Shelagh was 16, and so was I. London was swinging and the sexual revolution was in full flight. Most weekdays I would cycle to Shelagh’s house from my school in north London, in the forlorn hope of revolutionary activity. On this occasion, however, when I arrived in the pouring rain, it was her uncle Sidney who opened the door. ‘Shelagh’s not back from school yet,’ he said, in a voice so parodically camp it might have come from Round the Horne. I’d heard about Uncle Sidney, though we’d never actually met. I’d heard that he’d just reached the half-century, that he lived in Shelagh’s family home, and that he worked nights in a sorting office. I stood in the porch dripping puddles; he stood in the doorway wearing fluffy pink mules, a peaked cap with ‘Royal Mail’ on the front, and an almost transparent black silk kimono. I could tell he was naked under there, that his skin had probably never seen the sun, and that he shaved where I was sure most men didn’t. Desperate not to upset the relative of the only female on earth prepared to feign interest while I spouted memorized dialogue from my favourite fiction, I thought it a good idea to disguise my dropped jaw and bulging eyes by staring at something. Unfortunately, the something I stared at was Uncle Sidney’s groin. ‘Come and wait in my room,’ he said. ‘You can rub yourself off with a towel.’ The layered complexity of this invitation went straight through my adolescent brain. In fact, almost everything went straight through my adolescent brain. Despite efforts to the contrary, the only things that stayed in there were facts about cars, three notes of a blues harmonica riff, and just about every word of dialogue in McCoy’s novel. They Shoot Horses, Don’t They? is about two young unemployed Hollywood film extras. Gloria, whose early life was full of abuse and hardship, has a protective shell of despairing wit; while Robert, raised on a farm, is a gentle, sincere man who longs for open skies and a chance to direct films. Trying to survive the Great Depression – there were an estimated 20,000 unemployed film extras in Hollywood at the time – they decide to enter a marathon dance competition because you get ‘free food, and free bed as long as you last and a thousand dollars if you win’. The story begins in a court of law where Robert is about to be sentenced to death for killing Gloria. The narrative is Robert’s firstperson retelling of the events that led to the killing, and his attempt to convince us that ending Gloria’s life was an act of friendship, not brutality. Uncle Sidney’s room was on the lower ground floor. The curtains were closed, and there was a dim table lamp draped in a lace shawl. He shut the door behind us. ‘Take your blazer off and put it by the Belling,’ he said. I put it by the Belling. Steam rose instantly. ‘There’s something of the beast about damp wool,’ he said, handing me a towel. There were paperbacks everywhere – on the floor, on the shelves, on the bed. Hammett, Chandler, Cain, McCoy . . . I dried my hair as Uncle Sidney’s voice morphed into an American Bacall Bogart hybrid. ‘Let’s go sit and hate a few people,’ he said. I recognized the phrase immediately. It comes from They Shoot Horses, and it’s spoken by the doomed Gloria. I quickly replied with a few words from Robert. ‘I know what you mean,’ I said, in my best American ‘noir’. ‘I know exactly what you mean.’ ‘You can be Robert,’ said Uncle Sidney. ‘I’ll be Gloria.’ That was okay with me, I role-played all the time. Not only Gloria and Robert, for whom I had a soft spot, but also Rocky Gravo, the dance marathon’s cynical, manipulative MC, whose personality I loathed but revelled in. I’d cycle past queues at bus stops shouting his catch phrase, ‘Give, people. Give.’ Sooner or later we all seem to come across a novel that fools us into thinking great writing is easy and ‘world-renowned novelist’ a realistic job option. McCoy’s simple, pared-down prose did it for me. McCoy’s ‘simple’ prose, in fact, took him years to master. He developed his craft working as a journalist and writing short stories for the now legendary magazines Black Mask and Detective Dragnet. His first novel, They Shoot Horses, Don’t They?, published in 1935, was followed by three others, No Pockets in a Shroud, I Should Have Stayed Home, Kiss Tomorrow Goodbye, and numerous film scripts, including uncredited work on King Kong. I was never any good at dancing, but when Uncle Sidney rested his hands on my shoulders and began to shuffle around the edges of his Turkish rug, it was easy to join in. ‘Some of the girls think it will take 2,000 hours to win,’ he said, in his Gloria voice. ‘I hope not,’ I said in my Robert voice. ‘I don’t believe I can hold on that long.’ Uncle Sidney removed his hand from my shoulder, and placed it on my waist. After each lap of the rug he would slump slightly, resting more and more of his weight on me, as if hundreds of marathon hours were passing. ‘I’m going to get off this merry-go-round,’ he said in his Gloria voice. ‘I’m through with the whole stinking thing.’ ‘What thing?’ I said, in my Robert voice. ‘Life,’ he said, in his Gloria voice. In the novel, Gloria, exploited by Gravo and the event promoter Socks Donald, talks increasingly of suicide as McCoy moves his themes toward the climax that so impressed French existentialists back in the 1940s and ’50s. Camus, Sartre and Malraux all sang McCoy’s praises. Simone de Beauvoir called the book ‘the first existentialist novel to have appeared in America’. It’s never been out of print. Uncle Sidney stepped back and let his kimono fall to the floor. Except for his Royal Mail cap and fluffy pink mules, he was stark naked – my first ever view of an unclothed, completely un-haired, mature male. I noticed that his chalk-white skin was pink in places. Places I’d rather not have noticed. ‘Go ahead,’ he said, in his Gloria voice. ‘You know the only way to get me out of my misery.’ I hasten to add that, while Sidney’s words were from the novel, his nakedness was a contribution all of his own. It’s the novel’s penultimate scene, the one where Gloria, realizing that callous brutality and perpetual endurance are her life, takes a gun from her purse, hands it to Robert, and asks him to shoot her dead. Which he does. Totally oblivious of Sidney’s libidinous intentions, overly convinced by his role-playing abilities, I could think only one thing: Sidney was about to bring out a gun and ask me to shoot him dead. Even for someone with my limitations, it was a role-play too far. ‘You’ll have to do this next bit yourself,’ I said. ‘Do it myself?’ ‘Yes,’ I said. ‘You see, if I do it, it will be murder.’ For a few seconds the world stood still. Eventually, Sidney lifted his cap and scratched his head, the upward movement of his arm mirrored by a lowering movement further down. Sidney was beginning to process the possibility that somewhere along the line he had got this all wrong. I, on the other hand, was absolutely certain that I had just saved myself from a murder rap. Late that afternoon, when Shelagh and I were alone in her room, I explained, in complex socio-political terms, that the revolution should progress with some urgency as my mother would be expecting me home for an evening meal. Shelagh then revealed her true love to be Malcolm Hicks – a boy in the year above me, whose simian gait and matching embouchure couldn’t disguise the fact that he played harmonica like Larry Adler’s baby brother. A knock on the door. It was Sidney, looking smart in his Royal Mail jacket and matching trousers, peaked cap square over his forehead. He walked in and walked out again, leaving behind a tray of tea, digestives and a pencilled note with my name on it. He’d written, ‘Please, don’t go sit and hate me. So sorry, Sidney.’ My first true love came to an end; Shelagh and I lost touch. The last time I saw Sidney was probably the first time I understood him. It was at Leicester Square tube station sometime in the 1970s, just a few years after homosexuality had been decriminalized in England and Wales. I was on the down escalator, Sidney was on the up. I waved. He gave a beaming smile and waved back. In his hand he held another – it belonged to a comfortable round bear of a man with a full grey beard, a cable-knit cardigan and a smile even wider than Sidney’s. McCoy, it turns out, liked to role-play too – the part of a wealthy socialite. Although he enjoyed considerable financial reward during his lifetime, it was insufficient to keep up with his outgoings. He died in Beverly Hills of heart problems in 1955, aged 58. His widow had to sell his jazz record collection to pay for his funeral.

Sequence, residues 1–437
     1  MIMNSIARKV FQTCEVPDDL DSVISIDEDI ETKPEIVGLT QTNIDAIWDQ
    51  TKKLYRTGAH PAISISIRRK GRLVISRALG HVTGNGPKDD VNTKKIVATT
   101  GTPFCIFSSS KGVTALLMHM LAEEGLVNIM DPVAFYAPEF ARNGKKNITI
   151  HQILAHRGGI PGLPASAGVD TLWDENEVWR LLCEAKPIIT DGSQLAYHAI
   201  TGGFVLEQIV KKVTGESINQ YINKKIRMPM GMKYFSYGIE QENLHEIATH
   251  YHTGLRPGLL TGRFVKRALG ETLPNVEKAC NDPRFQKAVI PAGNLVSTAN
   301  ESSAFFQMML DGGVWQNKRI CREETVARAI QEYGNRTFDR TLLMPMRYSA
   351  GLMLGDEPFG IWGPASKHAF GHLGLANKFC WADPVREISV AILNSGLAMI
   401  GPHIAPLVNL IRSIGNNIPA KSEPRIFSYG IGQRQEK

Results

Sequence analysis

Extract from Slightly Foxed Issue 34 © Laurence Scott 2012


About the contributor

Laurence Scott lives and writes in south-west Scotland.